Improved grassland management and making higher-quality silage will increase the economic and environmental sustainability of NI beef farms, attendees at a webinar held last Thursday were told.
Organised by a number of industry organisations, and with speakers from AFBI and CAFRE, along with Kilkeel beef and sheep farmer James Henderson, the event was the first of four planned for this year.
Delivering his presentation under the heading “Grass – your greatest asset”, Dr Francis Lively from AFBI emphasised how good grassland management will increase animal performance, ensure efficient input use and ultimately reduce the carbon footprint of beef.
Quoting results of a recent NI survey which indicated that over 50% of farmers still operate set stocked systems, he urged farmers to consider rotational or paddock grazing, as it can produce over 4t dry matter per hectare (DM/ha) of additional grass with no extra inputs supplied.
With more grass available from the grazing platform, it frees up additional land to cut earlier and make higher-quality silage, so ultimately less concentrate feed is required on the farm to sustain liveweight gains.
“That has economic and environmental benefits,” Lively pointed out.
A small investment in water troughs, electric wire and a little bit of labour can give a high return
He defines rotational grazing as a system where farmers might graze a group of cattle across four or five blocks of land, so the cattle are moved every five to seven days. A paddock grazing system is slightly more labour-intensive, with cattle moved every two to three days. While both rotational and paddock systems deliver a similar yield benefit over set stocking, grass in a paddock system is better utilised.
“A small investment in water troughs, electric wire and a little bit of labour can give a high return,” said Lively.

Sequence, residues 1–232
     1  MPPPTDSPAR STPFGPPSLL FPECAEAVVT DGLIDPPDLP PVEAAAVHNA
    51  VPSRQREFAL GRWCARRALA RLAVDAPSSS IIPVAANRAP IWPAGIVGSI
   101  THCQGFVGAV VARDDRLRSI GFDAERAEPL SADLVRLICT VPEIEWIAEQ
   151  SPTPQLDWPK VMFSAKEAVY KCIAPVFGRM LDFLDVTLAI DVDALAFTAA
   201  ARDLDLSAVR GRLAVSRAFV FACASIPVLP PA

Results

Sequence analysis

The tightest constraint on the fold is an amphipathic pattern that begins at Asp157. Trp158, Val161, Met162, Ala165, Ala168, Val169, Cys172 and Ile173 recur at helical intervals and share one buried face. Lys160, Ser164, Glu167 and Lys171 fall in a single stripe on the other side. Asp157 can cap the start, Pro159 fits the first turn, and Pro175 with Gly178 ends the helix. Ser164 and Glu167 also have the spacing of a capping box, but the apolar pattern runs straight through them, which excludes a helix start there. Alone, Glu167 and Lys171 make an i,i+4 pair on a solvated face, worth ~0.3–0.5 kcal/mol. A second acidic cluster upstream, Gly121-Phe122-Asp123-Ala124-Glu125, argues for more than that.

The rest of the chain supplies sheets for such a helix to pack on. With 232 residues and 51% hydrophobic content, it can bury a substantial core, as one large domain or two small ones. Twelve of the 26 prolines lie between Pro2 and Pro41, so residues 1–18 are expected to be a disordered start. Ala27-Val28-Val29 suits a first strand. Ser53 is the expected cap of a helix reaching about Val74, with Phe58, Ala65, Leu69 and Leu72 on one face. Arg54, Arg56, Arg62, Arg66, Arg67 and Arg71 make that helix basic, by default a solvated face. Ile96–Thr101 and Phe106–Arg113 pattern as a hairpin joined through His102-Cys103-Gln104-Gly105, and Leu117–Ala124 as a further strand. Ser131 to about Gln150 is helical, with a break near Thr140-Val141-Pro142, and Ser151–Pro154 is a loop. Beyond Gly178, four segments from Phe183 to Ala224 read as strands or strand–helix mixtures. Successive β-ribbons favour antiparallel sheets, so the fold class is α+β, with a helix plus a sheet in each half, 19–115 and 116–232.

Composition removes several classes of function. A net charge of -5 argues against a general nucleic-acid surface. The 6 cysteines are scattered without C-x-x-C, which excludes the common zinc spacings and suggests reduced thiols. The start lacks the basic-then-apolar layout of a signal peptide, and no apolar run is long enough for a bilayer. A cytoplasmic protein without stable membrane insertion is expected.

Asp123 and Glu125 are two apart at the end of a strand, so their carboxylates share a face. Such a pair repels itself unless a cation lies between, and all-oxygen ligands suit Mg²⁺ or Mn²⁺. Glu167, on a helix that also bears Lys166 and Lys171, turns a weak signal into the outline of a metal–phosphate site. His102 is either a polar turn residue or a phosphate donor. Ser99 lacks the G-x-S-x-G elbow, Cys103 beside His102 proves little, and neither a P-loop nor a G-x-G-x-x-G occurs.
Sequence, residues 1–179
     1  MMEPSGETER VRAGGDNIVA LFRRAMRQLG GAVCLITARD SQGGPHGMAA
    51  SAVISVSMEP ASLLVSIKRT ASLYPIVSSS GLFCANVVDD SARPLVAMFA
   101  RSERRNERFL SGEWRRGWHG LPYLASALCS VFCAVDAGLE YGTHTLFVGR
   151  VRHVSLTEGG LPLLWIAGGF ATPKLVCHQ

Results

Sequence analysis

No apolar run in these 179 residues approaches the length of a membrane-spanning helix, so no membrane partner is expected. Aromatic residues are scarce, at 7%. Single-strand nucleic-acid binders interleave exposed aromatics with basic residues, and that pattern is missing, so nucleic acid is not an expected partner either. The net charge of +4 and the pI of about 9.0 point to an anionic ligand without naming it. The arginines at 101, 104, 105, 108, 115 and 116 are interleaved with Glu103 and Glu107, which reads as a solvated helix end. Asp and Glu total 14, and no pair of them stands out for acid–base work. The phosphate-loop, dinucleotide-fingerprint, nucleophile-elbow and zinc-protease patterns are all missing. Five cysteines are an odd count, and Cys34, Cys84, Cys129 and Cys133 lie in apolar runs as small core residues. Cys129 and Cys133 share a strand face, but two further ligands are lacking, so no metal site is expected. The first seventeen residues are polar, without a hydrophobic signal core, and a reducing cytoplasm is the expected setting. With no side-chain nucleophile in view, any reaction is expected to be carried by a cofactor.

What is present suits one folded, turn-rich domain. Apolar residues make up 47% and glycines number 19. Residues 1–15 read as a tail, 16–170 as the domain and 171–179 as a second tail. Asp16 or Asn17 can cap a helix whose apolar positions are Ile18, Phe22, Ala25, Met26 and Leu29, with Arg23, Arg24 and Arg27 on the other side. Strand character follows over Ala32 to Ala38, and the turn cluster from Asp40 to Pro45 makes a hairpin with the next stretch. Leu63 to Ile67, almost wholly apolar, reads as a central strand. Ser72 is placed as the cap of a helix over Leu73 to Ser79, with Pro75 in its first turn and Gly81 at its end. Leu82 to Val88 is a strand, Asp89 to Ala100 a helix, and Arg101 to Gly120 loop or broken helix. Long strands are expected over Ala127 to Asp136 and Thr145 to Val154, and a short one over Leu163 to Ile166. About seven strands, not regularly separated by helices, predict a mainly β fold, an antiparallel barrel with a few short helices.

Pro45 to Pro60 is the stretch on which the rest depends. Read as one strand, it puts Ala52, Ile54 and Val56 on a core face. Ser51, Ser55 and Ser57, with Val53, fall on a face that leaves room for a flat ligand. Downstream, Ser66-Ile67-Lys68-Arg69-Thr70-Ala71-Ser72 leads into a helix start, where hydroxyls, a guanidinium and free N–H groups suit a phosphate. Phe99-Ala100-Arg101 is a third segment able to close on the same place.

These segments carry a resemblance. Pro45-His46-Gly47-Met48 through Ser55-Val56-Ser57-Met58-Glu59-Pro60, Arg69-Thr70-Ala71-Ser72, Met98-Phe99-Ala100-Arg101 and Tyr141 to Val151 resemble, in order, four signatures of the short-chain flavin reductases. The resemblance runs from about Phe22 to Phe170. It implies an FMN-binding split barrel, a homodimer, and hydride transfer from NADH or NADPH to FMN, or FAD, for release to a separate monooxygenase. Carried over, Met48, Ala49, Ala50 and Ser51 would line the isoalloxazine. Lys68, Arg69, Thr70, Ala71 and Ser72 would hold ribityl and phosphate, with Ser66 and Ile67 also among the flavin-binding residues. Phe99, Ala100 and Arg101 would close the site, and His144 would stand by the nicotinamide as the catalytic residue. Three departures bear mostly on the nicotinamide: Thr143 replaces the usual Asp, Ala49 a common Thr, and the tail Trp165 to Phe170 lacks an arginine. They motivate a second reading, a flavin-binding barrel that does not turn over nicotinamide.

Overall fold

Ultimately, there is an economic benefit moving to daily paddocks. In a recent study at AFBI Hillsborough, which compared a system where cattle were moved every 24 hours versus an average of every 3.5 days, grass utilisation increased by 19%, and animal production per hectare by 33%. Overall this was worth an additional £656/ha.
However, Lively acknowledged that labour is often a limited resource on farms. A project has just started at AFBI Hillsborough looking at the potential for virtual fencing (where cattle are fitted with a GPS collar) as a means of reducing this labour requirement, and allocating grass on a daily basis.
With grass at its highest quality in the spring, it is important to get cattle out as early as possible. Lively quoted results from an AFBI study where a group of steers were turned out on 5 April versus a second group turned out on 22 April. The cattle that went out first were 23kg heavier in the autumn, and 8kg heavier at slaughter the following year.
However, he also maintained that there is potential for farmers to hold light cattle out well into the autumn as late season grass is often as good a quality feedstuff as many silages made on NI farms.
In a study where young cattle were put out after weaning at the end of October, there was very little difference in performance when compared to a group kept inside and fed silage plus concentrates. However, the difference in feed costs worked out at 62p/head/day, or around £9 less per head for every two weeks outside.
The other main issue that will affect animal performance is silage quality. Where young growing cattle are being fed, Lively said that the aim must be to make higher quality silage by cutting earlier.
He advocates a three-cut system, producing silage with a D-value of 72, versus two heavy cuts of silage with a D-value of 65. “With higher quality grass silage, you will have higher animal intakes, so you will require higher volumes of silage, but overall you can get away with feeding a lot less concentrate, and you will have more profit,” he said.
Ultimately cattle that are fed good quality grass and grass silage, will grow quicker and will be finished at younger ages, and have a lower carbon footprint, he concluded.
Nitrogen – a nutrient easily lost
Nitrogen (N) in chemical fertiliser or in slurry is easily lost if applied in the wrong conditions, emphasised Dr Suzanne Higgins from AFBI at last Thursday’s beef webinar.
“Nitrogen is the most important nutrient, but also the hardest to manage. Potentially you could lose 30-50% of the N you apply depending on conditions,” Higgins told farmers.